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Guest blog: finding your style and your confidence during breast cancer, by Jane Buckley of Jane's Place

Friday, 26 April 2013 18:11:00 Europe/London

We're THRILLED to welcome the lovely Jane Buckley of the fabulous Jane's Place to the Suburban Turban Blog today! Jane's Place over on Facebook is an online magazine devoted to offering daily tips and news on how to look and feel your stylish best, throughout your breast cancer journey. Practical and oh-so-stylish - Jane's main message is 'Have fun!', and this shines through in every uplifting feature and newsbyte!

Finding my style, by Jane Buckley of Jane's Place

I have always loved clothes but this love of fashion and clothing took a great blow when I was diagnosed with breast cancer and underwent drastic treatment several years ago. 

To start with, I focused on clothing that I could no longer wear because it was too strappy or too low cut, for example. I focused on the negatives and felt very sorry for myself.

Taking it from the top ...

Funnily enough, what improved my confidence was the loss of my hair. Such a drastic change in my appearance forced me to be brave and willing to try out new looks. I wore my bandana with my chin up, daring someone to ask what was going on with my hair.

All in the details

Now that my hair was gone, my eyes were more of a focal point. I made them up with far more care and also started to change my earrings with each outfit because they could actually be seen. I wore colour, jeans with embellishments, grabbed anything with sequins and beads (I almost went into a trance in Monsoon and Accessorize) and started to really have fun with clothing and accessories again.

Work with the changes

There is no doubt that your body image will change, after all, the treatment often physically alters your shape. You just need to work with it. Some women are happy to accept the change and don’t even worry about a prosthesis. Others desperately want to recreate what they have lost. Over the years, the main issues I have faced with clothing are around disguising asymmetry (even down to the fact that if your prosthesis doesn’t weigh the same as your natural breast, your clothing will twist round and necklines will not sit properly) and creating the illusion of a lower neckline, without gaping.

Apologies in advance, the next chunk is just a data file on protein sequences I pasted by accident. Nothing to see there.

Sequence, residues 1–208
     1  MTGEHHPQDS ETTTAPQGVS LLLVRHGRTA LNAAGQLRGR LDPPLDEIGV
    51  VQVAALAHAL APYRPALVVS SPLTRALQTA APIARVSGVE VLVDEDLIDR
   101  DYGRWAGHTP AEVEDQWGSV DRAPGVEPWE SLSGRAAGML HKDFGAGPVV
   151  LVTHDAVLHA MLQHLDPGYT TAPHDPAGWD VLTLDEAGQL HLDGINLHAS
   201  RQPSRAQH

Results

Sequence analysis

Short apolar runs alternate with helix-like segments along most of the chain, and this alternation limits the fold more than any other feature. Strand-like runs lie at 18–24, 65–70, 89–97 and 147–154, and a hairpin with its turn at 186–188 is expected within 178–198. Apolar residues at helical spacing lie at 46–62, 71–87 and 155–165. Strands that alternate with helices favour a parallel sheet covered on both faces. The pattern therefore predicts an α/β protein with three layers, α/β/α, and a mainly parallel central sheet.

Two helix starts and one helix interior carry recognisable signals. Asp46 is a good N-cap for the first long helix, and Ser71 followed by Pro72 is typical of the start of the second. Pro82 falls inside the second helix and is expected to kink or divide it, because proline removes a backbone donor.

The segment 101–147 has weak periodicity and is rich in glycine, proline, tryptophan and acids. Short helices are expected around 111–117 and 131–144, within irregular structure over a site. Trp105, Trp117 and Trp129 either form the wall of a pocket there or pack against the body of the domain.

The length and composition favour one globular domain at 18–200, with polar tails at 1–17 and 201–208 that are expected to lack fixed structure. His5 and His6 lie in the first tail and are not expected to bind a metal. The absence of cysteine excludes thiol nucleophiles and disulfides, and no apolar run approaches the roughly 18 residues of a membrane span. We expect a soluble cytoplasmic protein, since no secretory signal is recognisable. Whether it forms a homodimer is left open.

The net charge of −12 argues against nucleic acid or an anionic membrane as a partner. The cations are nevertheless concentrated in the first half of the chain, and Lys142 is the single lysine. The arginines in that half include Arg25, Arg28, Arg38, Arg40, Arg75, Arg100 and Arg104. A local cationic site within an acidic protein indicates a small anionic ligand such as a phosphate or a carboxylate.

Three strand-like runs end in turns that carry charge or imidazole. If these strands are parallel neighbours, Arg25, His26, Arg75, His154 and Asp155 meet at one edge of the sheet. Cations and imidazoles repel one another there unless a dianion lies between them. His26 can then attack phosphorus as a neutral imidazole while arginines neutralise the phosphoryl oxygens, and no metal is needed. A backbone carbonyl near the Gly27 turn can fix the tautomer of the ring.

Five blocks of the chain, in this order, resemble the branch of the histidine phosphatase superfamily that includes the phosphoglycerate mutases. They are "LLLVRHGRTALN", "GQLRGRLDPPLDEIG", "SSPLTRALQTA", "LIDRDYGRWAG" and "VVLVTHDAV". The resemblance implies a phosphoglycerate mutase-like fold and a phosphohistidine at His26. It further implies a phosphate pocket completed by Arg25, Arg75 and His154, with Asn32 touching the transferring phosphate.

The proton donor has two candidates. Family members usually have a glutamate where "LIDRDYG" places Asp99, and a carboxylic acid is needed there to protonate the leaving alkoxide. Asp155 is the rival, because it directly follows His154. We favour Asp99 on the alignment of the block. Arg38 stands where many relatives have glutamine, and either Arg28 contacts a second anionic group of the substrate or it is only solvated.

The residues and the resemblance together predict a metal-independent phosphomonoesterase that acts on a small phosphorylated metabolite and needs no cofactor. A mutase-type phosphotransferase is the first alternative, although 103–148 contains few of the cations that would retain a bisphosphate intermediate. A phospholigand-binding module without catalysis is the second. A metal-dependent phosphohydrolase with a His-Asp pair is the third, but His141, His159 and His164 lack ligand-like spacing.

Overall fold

Go bold!

I have found that darker clothing hides a multitude of sins but who wants to wear black all the time?  Bold patterns are great for adding eye-catching interest and so are placement embellishments with bright dashes of colour. Other friends of mine swear by horizontal stripes which rather than emphasising unevenness, tend to draw the eye to connect the lines and focus on the symmetry – try 60's-style bright colour block dresses and tops for a bold statement. Spotted fabrics work really well for us, too.

The magic of scarves ...

You may need higher necklines if you are worried about gaping, but don’t throw out all your favourite tops and dresses. Experiment with scarves secured using a large brooch or corsage, add a second ribbon layer to the neckline or try a really feminine camisole underneath.

Step out of your style 'comfort zone'

When you are in a changing room, have some fun: take in a couple of items in that you wouldn’t normally wear, the bolder the better! You might be pleasantly surprised or at worst have a good laugh. You need to find out what works for you.

Celebrate your style! The main thing to remember is that this isn’t about hiding yourself away or being ashamed, it is about raising your self-image by whatever means you find best. Along the way, I have learned lots of tricks with clothing and also picked up knowledge via the experiences of friends.

This was my inspiration for the Jane’s Place: somewhere where we could go, swap tips, just enjoy fashion and forget about hospital appointments, check-ups, treatment and specialist clothing for a while. Just to be like everyone else – but much better dressed, of course!

Thanks so much to Jane for sharing her own story and wonderful tips with us! You can follow Jane on Facebook and Twitter!

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